Thousands show up to celebrate
By Paula Evans Neuman
Three thousand people showed up at Lake Erie Metropark
in Brownstown Township Saturday to "discover the
wild side" of the Detroit River International Wildlife
They came to celebrate the 100th birthday of the National
Wildlife Refuge System.
They came to show their appreciation for the officials
- public and private, federal, state and local - who made
the nationís newest refuge possible.
And perhaps most of all, they came to play outside.
The celebration, one of four being held nationwide, featured
art, entertainment, exhibits and lots and lots of chances
to learn and play.
People brought their children, and that was especially
pleasing to U.S. Secretary of the Interior Gale Norton,
a featured speaker during the opening ceremony.
She spoke before the event of how "inspirational"
it was to see the "partners" - government, business
and environmental groups - working together to create
a wildlife refuge in an urban area.
And she said how happy she was to see so many children
there, developing an affinity for conservation that would
last them all their lives.
During the event, she spoke of "the new vision of
cooperative conservation" epitomized by the Detroit
"This administration is wholeheartedly behind the
public-private partnership," Norton said. "We
hope that other urban areas will take note of the great
things being done in Detroit."
All of the islands, coastal wetlands, marshes, shoals
and riverfront land along 18 miles of the lower Detroit
River from River Rouge to the Ohio border are included
in the refuge.
"How do you build a refuge when the land and wetlands
have been developed?" Norton said. "The answer
was to put the refuge here anyway."
Detroit Edison Co. demonstrated exactly how the "public-private
partnership" works, and signed over to the refuge
more than 600 acres of woodlands and water near the Fermi
2 plant in Monroe.
The land will be managed jointly by Edison and the U.S.
Fish & Wildlife Service, said Steve Williams, director
of the service, who also was on hand for the ceremony.
"We think the Detroit River International Wildlife
Refuge is a real treasure for the future," said Gerard
Anderson, president and chief operating officer of DTE
Energy, Edisonís parent company.
Detroit River Navigator John Hartig talked about partnerships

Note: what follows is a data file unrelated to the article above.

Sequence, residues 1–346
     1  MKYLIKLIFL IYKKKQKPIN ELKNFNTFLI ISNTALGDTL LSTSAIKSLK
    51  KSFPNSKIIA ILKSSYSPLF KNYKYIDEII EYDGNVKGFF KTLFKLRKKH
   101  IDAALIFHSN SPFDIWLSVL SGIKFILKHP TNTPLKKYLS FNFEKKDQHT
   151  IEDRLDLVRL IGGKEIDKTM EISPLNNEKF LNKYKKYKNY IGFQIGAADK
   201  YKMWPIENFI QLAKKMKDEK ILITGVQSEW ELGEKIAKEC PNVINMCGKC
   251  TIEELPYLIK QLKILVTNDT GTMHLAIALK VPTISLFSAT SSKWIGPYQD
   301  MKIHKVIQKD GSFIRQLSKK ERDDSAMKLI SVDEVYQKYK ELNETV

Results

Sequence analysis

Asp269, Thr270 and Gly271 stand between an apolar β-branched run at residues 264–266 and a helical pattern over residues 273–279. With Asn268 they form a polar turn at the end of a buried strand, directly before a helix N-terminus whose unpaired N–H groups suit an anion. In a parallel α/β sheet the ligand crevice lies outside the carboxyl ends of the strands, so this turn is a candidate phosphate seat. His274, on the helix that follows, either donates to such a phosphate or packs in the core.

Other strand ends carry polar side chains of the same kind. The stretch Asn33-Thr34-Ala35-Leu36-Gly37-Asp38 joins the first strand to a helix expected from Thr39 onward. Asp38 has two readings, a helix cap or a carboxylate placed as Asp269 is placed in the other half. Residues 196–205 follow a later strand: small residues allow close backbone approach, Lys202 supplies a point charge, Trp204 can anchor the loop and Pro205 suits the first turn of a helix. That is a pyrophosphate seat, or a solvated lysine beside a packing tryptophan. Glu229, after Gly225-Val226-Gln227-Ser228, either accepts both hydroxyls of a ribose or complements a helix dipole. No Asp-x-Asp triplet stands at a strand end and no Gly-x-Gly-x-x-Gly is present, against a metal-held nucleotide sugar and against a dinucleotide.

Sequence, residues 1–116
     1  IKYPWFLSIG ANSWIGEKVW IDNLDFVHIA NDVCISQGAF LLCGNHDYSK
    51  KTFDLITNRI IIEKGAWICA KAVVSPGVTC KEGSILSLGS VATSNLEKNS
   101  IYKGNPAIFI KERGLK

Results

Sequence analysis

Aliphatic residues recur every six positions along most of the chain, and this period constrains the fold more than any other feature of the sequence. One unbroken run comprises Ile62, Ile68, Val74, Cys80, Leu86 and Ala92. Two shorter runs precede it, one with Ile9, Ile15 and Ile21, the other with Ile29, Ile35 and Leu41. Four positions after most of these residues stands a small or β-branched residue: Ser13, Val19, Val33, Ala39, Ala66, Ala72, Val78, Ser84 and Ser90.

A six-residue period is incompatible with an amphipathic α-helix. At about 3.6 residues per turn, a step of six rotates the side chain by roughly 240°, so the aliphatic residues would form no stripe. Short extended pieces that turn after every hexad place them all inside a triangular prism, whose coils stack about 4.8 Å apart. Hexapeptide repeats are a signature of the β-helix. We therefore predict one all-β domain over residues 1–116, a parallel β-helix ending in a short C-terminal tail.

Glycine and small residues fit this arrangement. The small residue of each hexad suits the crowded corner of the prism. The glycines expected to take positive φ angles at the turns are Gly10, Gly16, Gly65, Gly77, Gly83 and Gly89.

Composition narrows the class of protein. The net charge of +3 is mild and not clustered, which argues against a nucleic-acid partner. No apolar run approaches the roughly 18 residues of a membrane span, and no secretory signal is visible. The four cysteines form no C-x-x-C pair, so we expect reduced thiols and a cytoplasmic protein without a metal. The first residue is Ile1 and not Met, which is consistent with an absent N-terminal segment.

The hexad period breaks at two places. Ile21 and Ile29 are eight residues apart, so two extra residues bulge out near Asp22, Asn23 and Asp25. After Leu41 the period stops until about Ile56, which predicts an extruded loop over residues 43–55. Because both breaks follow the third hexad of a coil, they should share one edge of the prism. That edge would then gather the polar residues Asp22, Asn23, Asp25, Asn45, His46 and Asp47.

"Thereís a change happening in southeast Michigan,"
he said. "Our citizens are calling for more conservation
and protection. In many cases, our industries in the area
are leading the change to return this area to its endemic
"Southeast Michigan is recapturing the natural beauty
and wonder that earned it the designation, the Great Lakes
The refuge was the shining star of the day, but U.S.
Rep. John Dingell, D-15th District, was singled out for
praise as well. He came up with the idea for the refuge
and wrote the legislation that created it in 2001.
K. L. Cool, Michigan Department of Natural Resources
director, was among those who praised the venerable congressman
during the ceremony.
"Any conservationist nationwide would consider it
an honor to share a stage with John Dingell," Cool
He noted that Theodore Roosevelt, who began the National
Wildlife Refuge System in 1903, is known today as the
"John Dingell is the conservation congressman of
the century," Cool said.
He presented Dingell with a plaque for his "five
decades of outstanding support" of conservation.
"We are proud of what has been accomplished; more
is yet to be done," Dingell told the crowd. "All
of this is about vision."
He, in turn, honored the vision of the late Peter Stroh,
a Detroit businessman who was instrumental in the creation
of the refuge and in the Detroit River being named as
an American Heritage River.
Dingell dedicated Saturdayís event to Stroh, whose family
was on hand to enjoy the day.
"Peter would have been very proud and very thankful
to be here," said his widow, Nicole Stroh.
Wayne County Executive Robert Ficano announced a $50,000
grant Wayne County has received to pay for design work
on the refuge headquarters, which will be in Trenton on
former DaimlerChrysler land.
Wayne County will match the grant with an additional
$50,000, Ficano said.
In a day of happy announcements for the refuge, Ken Schmitt,
director of the Essex Region Conservation Area in Ontario,
Canada, added one from the other side of the river.
"We anticipate the donation within a year of a significant
wetland on the Canadian side," he said.
After the ceremony, the park filled with families and
children - playing outside.